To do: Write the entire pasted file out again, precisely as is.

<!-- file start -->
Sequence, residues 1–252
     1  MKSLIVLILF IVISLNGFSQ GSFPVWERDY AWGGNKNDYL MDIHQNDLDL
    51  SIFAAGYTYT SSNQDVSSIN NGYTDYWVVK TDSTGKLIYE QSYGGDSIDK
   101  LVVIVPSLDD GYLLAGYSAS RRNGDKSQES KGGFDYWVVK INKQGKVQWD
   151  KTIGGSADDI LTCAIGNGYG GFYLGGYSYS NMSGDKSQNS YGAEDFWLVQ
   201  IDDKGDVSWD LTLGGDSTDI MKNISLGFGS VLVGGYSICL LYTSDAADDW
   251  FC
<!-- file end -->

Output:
Sequence, residues 1–252
     1  MKSLIVLILF IVISLNGFSQ GSFPVWERDY AWGGNKNDYL MDIHQNDLDL
    51  SIFAAGYTYT SSNQDVSSIN NGYTDYWVVK TDSTGKLIYE QSYGGDSIDK
   101  LVVIVPSLDD GYLLAGYSAS RRNGDKSQES KGGFDYWVVK INKQGKVQWD
   151  KTIGGSADDI LTCAIGNGYG GFYLGGYSYS NMSGDKSQNS YGAEDFWLVQ
   201  IDDKGDVSWD LTLGGDSTDI MKNISLGFGS VLVGGYSICL LYTSDAADDW
   251  FC